An Addiction: Words with Friends

I’ve never been big on video games. But move-at-your-own-pace computer games are something else. Computer Solitaire has long been a close friend.

When I learned that my wife, Kathleen, had begun playing a popular game called Words with Friends, I was curious. I knew games could be played by people across the globe from one another by way of the Internet, although I had no idea how it worked.

So I took a look at Words. Hmm. Pretty much like Scrabble–except there was no time limit and no penalty for trying to play a non-existent word.

Hey, I’d been an English major, although I’d forgotten a number of words in the forty-some years since college graduation. But I decided to give it a shot.

Kathleen beat me. Once. Twice. No telling how frequently during the first week or two.

You need to understand this about me. I’m not so proud that I can’t take defeat gracefully. But every single time?

I finally started to win occasionally. That was more to my liking.

But this game was still frustrating. Like Scrabble, success depended as much (or more) on the letters received than on one’s skill at using them. Nonetheless, I started developing various strategies–especially:

  • Don’t set your opponent up for a triple word if you can help it
  • Do your best to use a triple word even for a small number of points just to keep your opponent from using it
  • Get rid of the really high point letters as early in the game as possible

A number of things still frustrate me. For example, some high point words have a reason for their value. “QI” is the only two-letter Q-word. “ZA” is the only two-letter Z-word. “K” can be a real pain. You get the idea. Especially if you’re a Words fan.

But it’s fun, and you’d probably get a good laugh watching Kathleen and me playing. She sits on her end of the sofa (only the ends recline) crocheting between turns–she plays on her Kindle Fire–and I sit in a rocking chair beside my end of the sofa doing something else on my computer (maybe playing Solitaire) while she’s playing.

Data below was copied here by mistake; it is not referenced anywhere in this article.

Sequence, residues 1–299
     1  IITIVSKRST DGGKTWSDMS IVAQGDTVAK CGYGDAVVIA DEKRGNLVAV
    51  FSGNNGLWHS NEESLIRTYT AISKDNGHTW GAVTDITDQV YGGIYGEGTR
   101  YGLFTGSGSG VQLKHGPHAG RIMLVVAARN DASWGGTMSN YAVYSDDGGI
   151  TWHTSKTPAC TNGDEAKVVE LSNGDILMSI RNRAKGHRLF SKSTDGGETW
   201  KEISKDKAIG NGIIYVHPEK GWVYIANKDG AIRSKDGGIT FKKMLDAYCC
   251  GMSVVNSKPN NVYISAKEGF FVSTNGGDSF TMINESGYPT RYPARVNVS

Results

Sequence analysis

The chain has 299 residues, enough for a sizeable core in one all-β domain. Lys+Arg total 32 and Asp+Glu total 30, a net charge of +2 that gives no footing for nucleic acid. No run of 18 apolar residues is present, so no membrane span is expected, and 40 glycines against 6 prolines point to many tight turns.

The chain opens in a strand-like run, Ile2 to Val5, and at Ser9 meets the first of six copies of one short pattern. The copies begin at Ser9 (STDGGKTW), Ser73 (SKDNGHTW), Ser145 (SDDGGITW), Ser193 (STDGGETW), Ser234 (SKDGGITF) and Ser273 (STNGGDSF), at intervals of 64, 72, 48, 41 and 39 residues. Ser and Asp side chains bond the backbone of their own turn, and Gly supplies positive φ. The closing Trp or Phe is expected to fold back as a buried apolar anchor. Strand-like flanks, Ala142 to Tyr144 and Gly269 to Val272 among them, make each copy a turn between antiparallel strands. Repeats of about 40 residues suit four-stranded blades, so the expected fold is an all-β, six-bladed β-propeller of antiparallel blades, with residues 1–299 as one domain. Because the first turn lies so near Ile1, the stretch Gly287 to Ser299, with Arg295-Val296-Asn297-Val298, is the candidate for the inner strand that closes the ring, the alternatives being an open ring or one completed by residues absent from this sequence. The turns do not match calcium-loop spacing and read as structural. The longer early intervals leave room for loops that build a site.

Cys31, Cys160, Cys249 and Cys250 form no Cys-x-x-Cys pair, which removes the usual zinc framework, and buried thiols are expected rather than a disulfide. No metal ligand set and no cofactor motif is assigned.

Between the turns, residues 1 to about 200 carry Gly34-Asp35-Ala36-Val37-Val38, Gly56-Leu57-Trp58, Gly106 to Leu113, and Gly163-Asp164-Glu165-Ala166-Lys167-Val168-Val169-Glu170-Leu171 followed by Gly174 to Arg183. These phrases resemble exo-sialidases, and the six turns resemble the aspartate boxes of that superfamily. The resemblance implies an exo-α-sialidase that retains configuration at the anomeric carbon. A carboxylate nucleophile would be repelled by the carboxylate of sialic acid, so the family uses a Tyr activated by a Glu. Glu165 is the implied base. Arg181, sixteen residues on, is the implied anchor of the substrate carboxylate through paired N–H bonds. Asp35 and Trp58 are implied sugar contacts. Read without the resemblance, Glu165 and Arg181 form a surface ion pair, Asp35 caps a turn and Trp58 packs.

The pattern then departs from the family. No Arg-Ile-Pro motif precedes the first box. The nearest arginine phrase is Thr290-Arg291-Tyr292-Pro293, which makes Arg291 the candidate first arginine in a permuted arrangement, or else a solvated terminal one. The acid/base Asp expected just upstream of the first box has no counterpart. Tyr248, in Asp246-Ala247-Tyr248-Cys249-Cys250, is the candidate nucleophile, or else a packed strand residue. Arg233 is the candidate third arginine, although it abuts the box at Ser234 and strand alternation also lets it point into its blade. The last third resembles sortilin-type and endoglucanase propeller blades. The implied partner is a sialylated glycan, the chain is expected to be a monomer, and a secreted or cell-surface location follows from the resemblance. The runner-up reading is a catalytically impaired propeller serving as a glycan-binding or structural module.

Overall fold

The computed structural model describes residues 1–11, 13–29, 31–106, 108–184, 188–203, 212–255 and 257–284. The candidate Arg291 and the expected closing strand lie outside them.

There’s no telling how many times each play literally circles the globe before coming to rest on the other person’s device.

We make it a practice to announce the points we’ve just played (I keep the sound muted) so the other person knows it’s his or her turn.

Now that we both win frequently, it’s not unusual for us to share the problems we’re having. All consonants. All vowels. Only a “U.” Things like that.

Words with Friends was definitely easier to catch on to than Five Crowns, a card game that is best played with more than two people.

What’s your favorite game? Do you actually enjoy it? How about sharing a comment?

~*~

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I’ll be back again on Sunday. If you’d like to receive my posts by email, go to “Follow Blog via Email” at the upper right.

Best regards,
Roger

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2 thoughts on “An Addiction: Words with Friends

  1. Words With Friends… loved that game. We played quite a few games a while back when I was in the loafing mode and not working.
    I needed to give up that game anyway because it was frustrating to be playing with folks I was smearing and then suddenly they were invincible. They found out about that site that you type in your letters and it spits out all the possible words from that combination. Cheating!
    What good is that? I can’t figure people out sometimes.
    Even folks I know who speak with a very limited vocabulary, are not readers, have few intelectual activities and they smear me. Nah. Cheating. I don’t mind losing and I’ve lost to you a few times, but to get blitzed by a computer that has the entire OED at it’s command is not playing.
    And I started working too many hours so that I couldn’t enjoy a contiguous game. So I gave it up. If I were in the semi-retirement I enjoyed for about 8 years I would probably keep playing but with select friends, like you. It’s good mental exercise.

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  2. I don’t blame you for not appreciating cheaters like the ones you’ve described. I rarely play against anyone but my wife, so cheating isn’t a consideration for us. It is good mental exercise, though. I can’t spend every waking hour writing. *G*

    Like

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